Posted by John Melcher, Jr. on 28th March 2018
John and I put together the "Assembler Indignaiton" project at GUIDE user group. The GUIDE management thought there was no interest. John and I proved otherwise. If I suggested a topic for "next meeting" John could always come through. I enjoyed working with him at GUIDE and SHARE. John's good humor and skilled teaching will be missed.
Posted by Nancy Wheeler on 21st March 2018
I came to know John at SHARE when I was assigned to be the IBM representative for the APL project in the late 1980's. He was a mentor to me there, and through the years was always available to help with the tricky stuff like machine architecture and most recently, helping me understand complex numbers. About a year ago he took a group of us on a tour of the Computer History Museum which was completely fascinating. I will miss his kindness, keen intelligence and dry sense of humor.
Posted by James Dargin on 20th March 2018
RIP John. I met John when he was assigned to the IBM repository project as the Languages/Assembler representative. He was always so positive even though skeptical -- fun to be around. In later years he was a regular at the SVL cafe at a table where deep conversations could be joined. He will be missed.
Posted by Joan Alter on 20th March 2018
I have fond memories of John from SLAC in the late 60s. I learned assembler from an early draft of his textbook, printed on computer paper. He was a wonderful mentor and extremely witty.
Posted by Ted Syrett on 19th March 2018
I was a colleague of John's at SLAC in the early 1970s. We shared a fondness for IBM 360/370 assembly-language programming and a love/hate relationship with IBM. I lost touch with John when i moved to a small start-up company in San Francisco, but found him again when, back in Silicon Valley, I began participating in Schola Cantorum's Messiah Sings. Lo and behold, there was John, helping me track Handel's bass parts! Thanks for showing me the way, John. Like you, I'll go on singing as long as I am able.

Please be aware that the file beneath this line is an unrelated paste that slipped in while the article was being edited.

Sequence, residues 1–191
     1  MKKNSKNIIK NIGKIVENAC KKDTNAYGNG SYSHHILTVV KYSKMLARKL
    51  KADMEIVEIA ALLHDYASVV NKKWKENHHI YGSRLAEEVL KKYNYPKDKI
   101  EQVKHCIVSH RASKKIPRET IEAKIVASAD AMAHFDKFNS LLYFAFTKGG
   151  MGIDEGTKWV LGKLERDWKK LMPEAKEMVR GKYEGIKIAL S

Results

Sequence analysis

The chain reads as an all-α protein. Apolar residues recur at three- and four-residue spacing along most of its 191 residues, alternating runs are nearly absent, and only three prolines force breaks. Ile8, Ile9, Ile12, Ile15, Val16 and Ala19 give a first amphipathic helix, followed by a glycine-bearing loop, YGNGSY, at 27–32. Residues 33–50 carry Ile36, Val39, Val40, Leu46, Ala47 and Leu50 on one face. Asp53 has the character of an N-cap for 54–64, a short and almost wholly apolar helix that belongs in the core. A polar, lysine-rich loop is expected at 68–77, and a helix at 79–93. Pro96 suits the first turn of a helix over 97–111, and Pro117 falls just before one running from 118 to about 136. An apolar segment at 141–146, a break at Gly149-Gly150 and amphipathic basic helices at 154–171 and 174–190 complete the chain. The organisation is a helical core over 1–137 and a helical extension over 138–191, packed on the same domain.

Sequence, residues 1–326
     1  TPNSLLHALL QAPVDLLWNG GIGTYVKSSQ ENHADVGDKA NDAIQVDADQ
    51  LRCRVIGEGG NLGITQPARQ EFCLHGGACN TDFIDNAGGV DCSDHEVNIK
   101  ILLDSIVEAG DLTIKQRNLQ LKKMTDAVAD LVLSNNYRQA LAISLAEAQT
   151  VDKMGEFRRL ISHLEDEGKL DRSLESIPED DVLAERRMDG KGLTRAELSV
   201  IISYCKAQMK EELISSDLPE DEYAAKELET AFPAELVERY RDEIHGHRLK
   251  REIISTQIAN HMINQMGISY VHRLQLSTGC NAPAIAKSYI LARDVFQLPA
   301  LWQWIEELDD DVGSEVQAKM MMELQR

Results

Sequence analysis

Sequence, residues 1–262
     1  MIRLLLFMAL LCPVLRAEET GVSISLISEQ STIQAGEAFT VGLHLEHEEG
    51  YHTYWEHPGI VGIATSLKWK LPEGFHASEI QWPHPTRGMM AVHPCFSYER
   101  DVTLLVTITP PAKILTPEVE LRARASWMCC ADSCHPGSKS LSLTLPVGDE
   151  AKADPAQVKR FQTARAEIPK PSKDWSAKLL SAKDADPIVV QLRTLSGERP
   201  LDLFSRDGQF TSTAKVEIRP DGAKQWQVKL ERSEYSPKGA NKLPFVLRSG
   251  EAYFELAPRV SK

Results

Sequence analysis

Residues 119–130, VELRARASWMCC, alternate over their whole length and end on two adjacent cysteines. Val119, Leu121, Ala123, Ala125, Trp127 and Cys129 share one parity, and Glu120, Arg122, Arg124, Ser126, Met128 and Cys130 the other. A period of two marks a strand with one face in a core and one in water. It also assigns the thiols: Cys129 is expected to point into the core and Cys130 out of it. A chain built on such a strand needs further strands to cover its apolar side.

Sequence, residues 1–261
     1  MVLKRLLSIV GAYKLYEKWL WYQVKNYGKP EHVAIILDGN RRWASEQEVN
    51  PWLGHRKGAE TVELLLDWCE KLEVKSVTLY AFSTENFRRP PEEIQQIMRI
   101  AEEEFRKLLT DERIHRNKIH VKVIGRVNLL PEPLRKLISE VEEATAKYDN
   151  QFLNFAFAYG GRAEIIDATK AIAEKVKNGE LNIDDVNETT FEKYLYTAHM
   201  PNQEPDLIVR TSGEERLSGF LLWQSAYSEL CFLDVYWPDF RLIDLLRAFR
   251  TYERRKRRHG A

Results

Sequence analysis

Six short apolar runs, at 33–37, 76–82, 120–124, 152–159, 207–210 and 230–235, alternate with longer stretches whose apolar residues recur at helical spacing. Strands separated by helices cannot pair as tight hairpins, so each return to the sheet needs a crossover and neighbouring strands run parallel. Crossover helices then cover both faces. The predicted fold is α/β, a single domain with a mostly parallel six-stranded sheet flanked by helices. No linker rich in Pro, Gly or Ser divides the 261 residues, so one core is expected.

Posted by Susan Enger on 5th March 2018
I suspect I first met John in 1990 which was my first year doing the Carmel Bach Festival. Being new and not knowing anyone, I remember feeling rather lonely. After a tower music program, John singled me out and started a conversation including questions about instruments and music. He was also very complimentary of my playing which of course I appreciated. One year John and Tineke invited me to lunch with them at the Little Swiss Cafe, which became an annual ritual. We’d have a lively conversation, including festival gossip, and examine the ever changing artwork in the cafe. John and I corresponded once or twice a year. Even after I left the festival after 20 years, he didn’t forget me and continued to write, never mentioning his illness. He was a kind man, thoughtful and ever curious. I will always remember him with love.
Posted by Colette, Michael, And Chl... on 3rd March 2018
We will always remember John for his kindness, his passion for life, and his eternally boyish smile. He enriched our lives with his deep knowledge on a wide variety of topics and his desire to share the activities he loved. He shared that knowledge and those activities freely with enthusiasm. His passion was infectious and it added to the enjoyment of spending time with him at meals or concerts or lectures. John always had some little known fact to add that made you feel like were in on a secret. He approached life with such joy; he knew what he wanted to do and nothing would stop him. He relished bringing people together and everyone was treated like family. John added to the texture of our lives and will long be remembered with love and respect.
Posted by Dee Hartzog on 3rd March 2018
John, my brother, was 2 years older but many years smarter and always tolerant and helpful. He helped me struggle through understanding physics in high school and introduced me to the Bach Festival in Carmel and the Messiah Sing Along, as well as the Schola Cantorum. He was so special and will be missed forever.